Wednesday, April 11, 2018

Coming mostly from California’s Central Coast, Rhône varieties—especially Syrah—to grow and flourish

Aaaah...the Rhone Rangers and the exciting and aggressive push to bring Rhone varietals to California in a big way. It’s good stuff.

Roasting meats, good smoked bacon, crackling fires, warm gingerbread, peppermint and baked spices may seem out of season in the spring time but not in the fall…. but they’re basic descriptors for Syrah and other Rhône-style blends.

The best of these wines are instantaneously big and robust with ripe fruit and savory with dark spices. Very few New World wines deliver these elements and that’s the thing. Later, I’ll mention some of the key regions to look at for a reference point.

Coming mostly from California’s Central Coast, with consistency, where a range of climatic conditions allow different traditional Rhône varieties—especially Syrah—to grow and flourish.  Grenache, Petite Syrah and Mourvdre are others.

Over the past years, despite the push, Syrah did not become California’s “next big thing,” as was it was widely predicted during the 1990s, and Central Coast.

Syrahs and Rhone blends are still in the  from the shadows of more popular red grapes like Cabernet Sauvignon and Zinfandel (predominantly from Paso Robles) and Pinot Noir (from all over). Yet when grown in special spots and treated with care, these wines are arguably the most energetic, hedonistic and delicious wines being made on the West Coast today.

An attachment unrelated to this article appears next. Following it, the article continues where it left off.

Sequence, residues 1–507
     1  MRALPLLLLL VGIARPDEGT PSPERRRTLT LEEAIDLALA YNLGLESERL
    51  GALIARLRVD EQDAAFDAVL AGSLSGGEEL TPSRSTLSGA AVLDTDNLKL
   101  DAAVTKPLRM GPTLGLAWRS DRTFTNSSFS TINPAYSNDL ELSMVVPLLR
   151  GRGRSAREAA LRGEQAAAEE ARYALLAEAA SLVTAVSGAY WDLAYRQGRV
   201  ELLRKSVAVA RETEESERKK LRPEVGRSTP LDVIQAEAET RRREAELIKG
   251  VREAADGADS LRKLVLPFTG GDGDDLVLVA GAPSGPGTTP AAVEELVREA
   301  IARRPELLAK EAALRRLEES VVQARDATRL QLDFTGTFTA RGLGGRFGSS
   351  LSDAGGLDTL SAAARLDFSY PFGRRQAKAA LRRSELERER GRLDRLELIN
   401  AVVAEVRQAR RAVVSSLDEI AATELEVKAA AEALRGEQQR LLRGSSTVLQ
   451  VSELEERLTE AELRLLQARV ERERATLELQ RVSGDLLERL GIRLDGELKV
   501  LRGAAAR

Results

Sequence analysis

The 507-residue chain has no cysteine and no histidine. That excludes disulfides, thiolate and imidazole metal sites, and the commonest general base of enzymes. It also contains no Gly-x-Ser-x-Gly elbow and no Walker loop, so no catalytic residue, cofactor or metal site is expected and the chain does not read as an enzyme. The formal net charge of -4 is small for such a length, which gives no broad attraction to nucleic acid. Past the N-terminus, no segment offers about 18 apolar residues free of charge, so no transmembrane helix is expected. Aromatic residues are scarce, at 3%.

That goes for those being made in a more bombastic baby fantastic GSM blends from Paso Robles, those leaning more toward cool-climate pepperiness, like Big Basin in the Santa Cruz Mountains, and those somewhere in-between, like wines from the Ballard Canyon in the Santa Ynez Valley where the bright acidity shines on the palate….and let’s not forget those rich Petite Syrah up north in Lodi which impress.

No comments:

Post a Comment